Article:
For those who enjoy discovering (or learning about) key turning points in economics, business, industry, medicine, social connectivity, politics, etc., there is no doubt that we live an era of abundant, accelerating change. Let me try to illustrate:
During my own lifetime, we have experienced all of these transitions (and more) within the “Home Entertainment” industry:
Age of Network Television: After 1950, the new technology of black-and-white television became increasingly affordable, leading to rapid penetration of TV sets within homes across the U.S. I remember five channels (three national networks, one local network (WGN), and a PBS network. [Reminder to anyone younger than the “Baby Boomer” era, no such thing as a “remote control” existed, screen size was very small, and screen resolution was (relative to today) appalling.
Color Television: Although the very first national TV broadcast in color occurred on January 1, 1954 (Rose Bowl Parade), because of the high expense of color TV tubes and paucity of color TV programing, color television did not “take off until the early 1960’s. To that very point, the first color broadcast of a national college football game did not occur until the January 1, 1962 Rose Bowl. In fact, it wasn’t until the autumn of three years later (1965) that over half of national prime-time TV shows were broadcast in color.
TV Recording Technology: Betamax (aka “Beta”) technology was introduced in May of 1975 by Sony). Its competitor (VHS) was introduced almost 1.5 years later (by JVC). Although many considered Beta a superior technology, VHS soon dominated the market… to the point that Beta (over time) died out.
Cable/Satellite TV: Although the first cable system emerged in the 1940’s and the first commercial cable television system was started in 1950, the rapid rise of free broadcast television dampened interest in developing cable TV on a widespread basis. The primary use for cable was to deliver existing over-the-commercial TV programming to remote areas of the country. That changed in late 1972 when the Home Box Office (HBO) was launched – the first American premium cable/satellite TV network.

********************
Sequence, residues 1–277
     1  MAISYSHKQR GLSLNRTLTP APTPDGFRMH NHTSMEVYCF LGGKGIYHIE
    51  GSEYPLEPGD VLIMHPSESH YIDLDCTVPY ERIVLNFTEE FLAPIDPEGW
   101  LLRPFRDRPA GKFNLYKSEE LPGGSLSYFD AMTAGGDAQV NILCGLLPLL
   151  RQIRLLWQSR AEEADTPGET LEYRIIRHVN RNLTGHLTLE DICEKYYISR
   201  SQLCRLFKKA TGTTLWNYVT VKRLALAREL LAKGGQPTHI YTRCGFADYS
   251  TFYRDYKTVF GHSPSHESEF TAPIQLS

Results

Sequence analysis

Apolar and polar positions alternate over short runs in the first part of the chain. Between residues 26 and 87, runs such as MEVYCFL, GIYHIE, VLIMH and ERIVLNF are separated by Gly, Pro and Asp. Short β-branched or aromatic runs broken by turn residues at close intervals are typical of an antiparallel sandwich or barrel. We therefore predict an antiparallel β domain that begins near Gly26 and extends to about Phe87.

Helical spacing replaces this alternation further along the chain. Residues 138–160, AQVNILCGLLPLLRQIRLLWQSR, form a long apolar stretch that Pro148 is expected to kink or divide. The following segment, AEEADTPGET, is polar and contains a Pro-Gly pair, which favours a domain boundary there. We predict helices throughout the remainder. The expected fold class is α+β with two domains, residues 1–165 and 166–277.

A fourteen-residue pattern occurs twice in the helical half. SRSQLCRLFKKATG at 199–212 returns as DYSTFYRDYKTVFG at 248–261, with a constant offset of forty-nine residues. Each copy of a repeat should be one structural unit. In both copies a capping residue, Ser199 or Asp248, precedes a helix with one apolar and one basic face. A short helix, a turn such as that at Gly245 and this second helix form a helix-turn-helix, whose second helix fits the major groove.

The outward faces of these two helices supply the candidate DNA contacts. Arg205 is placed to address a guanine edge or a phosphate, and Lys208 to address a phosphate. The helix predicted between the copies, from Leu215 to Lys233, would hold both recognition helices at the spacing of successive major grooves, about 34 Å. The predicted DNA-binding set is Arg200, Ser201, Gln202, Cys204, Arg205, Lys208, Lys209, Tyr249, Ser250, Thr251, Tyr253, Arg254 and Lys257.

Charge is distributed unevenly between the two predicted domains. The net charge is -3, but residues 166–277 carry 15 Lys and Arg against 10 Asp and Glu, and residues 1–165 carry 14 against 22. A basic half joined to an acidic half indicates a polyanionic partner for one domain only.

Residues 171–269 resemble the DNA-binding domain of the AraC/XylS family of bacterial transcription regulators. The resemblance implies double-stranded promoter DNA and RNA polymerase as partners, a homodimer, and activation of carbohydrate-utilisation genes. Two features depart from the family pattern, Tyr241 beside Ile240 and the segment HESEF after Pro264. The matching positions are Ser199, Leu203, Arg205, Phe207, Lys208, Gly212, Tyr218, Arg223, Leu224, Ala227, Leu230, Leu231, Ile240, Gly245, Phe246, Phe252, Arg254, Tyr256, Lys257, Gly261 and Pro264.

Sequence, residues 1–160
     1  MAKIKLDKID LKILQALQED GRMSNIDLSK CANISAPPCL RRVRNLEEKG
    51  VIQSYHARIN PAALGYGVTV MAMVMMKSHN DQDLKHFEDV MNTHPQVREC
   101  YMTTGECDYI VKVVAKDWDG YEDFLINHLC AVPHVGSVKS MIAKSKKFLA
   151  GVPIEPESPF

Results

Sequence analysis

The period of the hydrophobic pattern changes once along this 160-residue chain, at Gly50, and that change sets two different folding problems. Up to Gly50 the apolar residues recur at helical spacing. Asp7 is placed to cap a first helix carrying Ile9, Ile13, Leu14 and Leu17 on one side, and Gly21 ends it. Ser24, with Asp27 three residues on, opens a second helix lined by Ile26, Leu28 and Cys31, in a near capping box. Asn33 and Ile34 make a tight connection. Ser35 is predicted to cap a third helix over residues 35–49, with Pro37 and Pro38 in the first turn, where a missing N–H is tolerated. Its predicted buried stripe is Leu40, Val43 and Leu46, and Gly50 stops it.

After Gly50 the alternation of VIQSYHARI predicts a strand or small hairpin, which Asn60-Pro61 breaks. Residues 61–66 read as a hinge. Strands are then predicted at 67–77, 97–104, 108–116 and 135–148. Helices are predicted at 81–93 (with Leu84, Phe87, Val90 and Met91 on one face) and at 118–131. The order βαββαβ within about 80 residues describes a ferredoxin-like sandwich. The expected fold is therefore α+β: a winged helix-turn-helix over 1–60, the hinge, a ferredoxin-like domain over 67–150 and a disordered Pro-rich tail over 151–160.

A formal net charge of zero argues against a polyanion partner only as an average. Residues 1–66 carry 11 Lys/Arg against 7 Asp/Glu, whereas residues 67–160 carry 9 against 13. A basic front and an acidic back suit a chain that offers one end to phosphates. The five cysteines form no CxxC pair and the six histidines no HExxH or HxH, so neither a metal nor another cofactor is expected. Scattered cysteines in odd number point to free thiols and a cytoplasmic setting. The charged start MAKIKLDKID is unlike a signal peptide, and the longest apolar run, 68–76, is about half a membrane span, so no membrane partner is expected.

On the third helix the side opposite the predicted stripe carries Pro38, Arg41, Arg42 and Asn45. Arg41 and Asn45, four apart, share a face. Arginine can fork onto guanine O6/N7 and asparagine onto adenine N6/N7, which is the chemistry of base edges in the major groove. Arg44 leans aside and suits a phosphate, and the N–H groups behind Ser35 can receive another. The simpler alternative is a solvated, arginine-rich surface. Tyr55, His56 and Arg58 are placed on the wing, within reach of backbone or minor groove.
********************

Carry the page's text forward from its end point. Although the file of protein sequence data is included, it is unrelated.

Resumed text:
Cable News TV: 1976 became another transformational moment when the colorful and outspoken Ted Turner launched the first “basic” cable network via satellite. That network evolved into the first national 24/7-news channel that (for better or worse) revolutionized TV news reporting and delivery.
High Definition TV (aka HDTV): HDTV was introduced in the U.S. during 1998. As the commercial cost of HD slid downward, the technology spread. By January of 2013, Nielsen Media Research reported that 75% of U.S. homes included at least one television with HD technology.
Digital Streaming Video: From the 1990’s into the first decade of this century, advances in digital streaming accelerated – with more contributions along the way than I could absorb. As our readers know, there is a plethora of providers enabling consumers to access streaming video through a computer, tablet, or smartphone (as well as TV). But the best-known provider most commonly associated with “TV” is Netflix – who pioneered in this space by producing its own first-run programming two years ago and won an Emmy for “House of Cards”.”]
Note the accelerating pace of transformative change above! And this covers change in just one field – there are similar patterns throughout the full spectrum of industry, technology, and society.